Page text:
CUPE was an active member of the International Trade Union Conference (ITUC) delegation at the United Nations Framework Convention on Climate Change (UNFCCC) in Cancun from November 29 to December 10. One of CUPE’s main objectives at the conference was to ensure that language used in the ITUC’s Just Transition and Decent Work policies is kept within the Shared Vision section of the UNFCCC’s Copenhagen deal. CUPE was coordinating this effort with the Canadian Labour Congress.
The CUPE delegation was also immersed in presentations and discussions with international labour colleagues at the World of Work (WOW) Pavilion, organized by the ITUC. WOW was a separate labour event that ran at the same time as the formal climate change negotiations. The high water mark was Anabella Rosemberg’s talk “Trade Unions and Climate Change”. Rosemberg is the environment and sustainability officer with the ITUC, based in Brussels. She urged trade unionists to work to ensure that an international agreement on climate change is worker-compatible.
CUPE joined other labour, environmental and social justice delegates who held a summit to discuss mobilizing for action on climate change on December 4. The summit was put together by the Cornell Global Labor Institute and featured prominent panellists from Canada, Argentina and the United States. Claude Généreux spoke at the event. He provided delegates with a clear example of a co-operation by describing some of the work CUPE does on water issues with the Council of Canadians. Généreux also talked about the workers’ readiness to help build a more sustainable, climate-stable society.
COP16: Who is Canada hiding behind today?
As the second and most critical week of the Cancun climate change conference got underway, CUPE stated that the Harper government must stop hiding behind others to justify its dismal record on climate change.
“Every day, we ask ourselves who Canada will be hiding behind next to justify its inaction,” said Claude Généreux, from the conference. “One day, the Canadian government says it is waiting for the U.S. to establish targets – knowing full well that the context with the new Congress is not favourable. The next day they say we are waiting for China and developing countries to do more. And now, Harper and environment minister Baird are hiding behind Japan and Russia in their opposition to the renewal of the Kyoto protocol. Who will we hide behind tomorrow?”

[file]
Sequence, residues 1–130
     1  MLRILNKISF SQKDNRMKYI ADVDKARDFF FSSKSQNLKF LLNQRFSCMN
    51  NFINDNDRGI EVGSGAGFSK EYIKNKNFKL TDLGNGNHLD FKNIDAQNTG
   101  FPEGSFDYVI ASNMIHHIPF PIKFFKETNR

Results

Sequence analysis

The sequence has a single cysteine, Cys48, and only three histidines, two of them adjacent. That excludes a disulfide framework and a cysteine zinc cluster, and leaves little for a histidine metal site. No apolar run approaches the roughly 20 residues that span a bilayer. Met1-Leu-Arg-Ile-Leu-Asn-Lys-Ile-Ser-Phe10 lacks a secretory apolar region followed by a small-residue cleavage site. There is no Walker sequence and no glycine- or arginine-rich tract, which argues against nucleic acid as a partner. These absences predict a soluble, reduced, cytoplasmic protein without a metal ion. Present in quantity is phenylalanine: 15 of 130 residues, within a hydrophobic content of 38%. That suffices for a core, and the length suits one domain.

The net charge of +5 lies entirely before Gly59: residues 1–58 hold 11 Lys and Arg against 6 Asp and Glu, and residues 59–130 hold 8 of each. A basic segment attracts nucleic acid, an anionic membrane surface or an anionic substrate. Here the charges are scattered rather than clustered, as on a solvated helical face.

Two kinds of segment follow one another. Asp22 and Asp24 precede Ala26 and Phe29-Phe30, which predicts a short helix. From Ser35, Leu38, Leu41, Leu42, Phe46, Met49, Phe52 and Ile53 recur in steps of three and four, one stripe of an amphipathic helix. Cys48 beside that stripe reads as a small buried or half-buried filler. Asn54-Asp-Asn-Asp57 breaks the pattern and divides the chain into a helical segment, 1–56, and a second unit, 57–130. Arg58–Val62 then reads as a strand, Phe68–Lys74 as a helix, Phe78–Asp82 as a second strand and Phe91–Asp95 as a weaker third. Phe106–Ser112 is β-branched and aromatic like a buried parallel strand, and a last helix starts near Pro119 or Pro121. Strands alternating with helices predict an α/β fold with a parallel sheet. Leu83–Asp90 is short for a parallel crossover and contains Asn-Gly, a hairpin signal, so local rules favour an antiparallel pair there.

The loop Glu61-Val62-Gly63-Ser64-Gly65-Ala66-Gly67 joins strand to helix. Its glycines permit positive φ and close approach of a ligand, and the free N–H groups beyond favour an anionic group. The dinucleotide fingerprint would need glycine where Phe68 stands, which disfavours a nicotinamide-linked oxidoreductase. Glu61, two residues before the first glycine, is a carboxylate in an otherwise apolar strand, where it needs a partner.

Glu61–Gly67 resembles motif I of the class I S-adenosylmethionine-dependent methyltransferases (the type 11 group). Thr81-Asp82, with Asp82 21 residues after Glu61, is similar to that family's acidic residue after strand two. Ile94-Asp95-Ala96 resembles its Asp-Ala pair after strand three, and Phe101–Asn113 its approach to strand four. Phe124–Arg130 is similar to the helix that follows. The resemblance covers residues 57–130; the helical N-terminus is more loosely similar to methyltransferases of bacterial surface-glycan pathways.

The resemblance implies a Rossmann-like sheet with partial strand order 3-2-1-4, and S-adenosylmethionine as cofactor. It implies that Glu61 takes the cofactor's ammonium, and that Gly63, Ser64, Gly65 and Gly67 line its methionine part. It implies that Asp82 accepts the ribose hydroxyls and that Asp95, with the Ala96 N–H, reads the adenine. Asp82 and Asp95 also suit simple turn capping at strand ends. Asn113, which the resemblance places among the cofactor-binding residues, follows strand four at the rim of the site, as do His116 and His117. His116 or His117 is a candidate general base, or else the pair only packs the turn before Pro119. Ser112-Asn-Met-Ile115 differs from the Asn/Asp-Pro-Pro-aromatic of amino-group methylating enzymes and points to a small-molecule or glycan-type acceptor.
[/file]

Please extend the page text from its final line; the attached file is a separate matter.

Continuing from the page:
The Canadian government says it is favourable to a new treaty that would include binding targets for all countries, and that without them it would oppose new rules. According to Généreux this really means that the Conservatives are looking for an excuse to kill Kyoto. “Our union demands that the Canadian government stop its strategy of passive obstruction and engage in these talks in good faith.”
PEI’s finance minister supports enhancement to the Canada Pension Plan
Ahead of an important meeting of federal and provincial finance ministers later in December, PEI is the latest provincial government to signal its support for expanded Canada Pension Plan benefits. “Finance Minister Wes Sheridan announced in the legislature yesterday, his support to the labour campaign to improve the CPP”, said CUPE PEI Division President, Milo Murray. “CUPE PEI met with the Minister back in September, to explain why we are advocating a doubling of Canada Pension Plan benefits over a period of seven years.”
In a related story, CUPE New Brunswick is calling on Finance Minister Blaine Higgs, to follow PEI’s lead on the Canadian Pension Plan. “Last month, we met with Minister Higgs to discuss the need to double over a seven-year period the Canada Pension Plan benefits,” said CUPE NB President, Daniel Légère. “We are asking Minister Higgs to support the position of his colleagues from the Atlantic Provinces at the next Finance Ministers’ meeting.”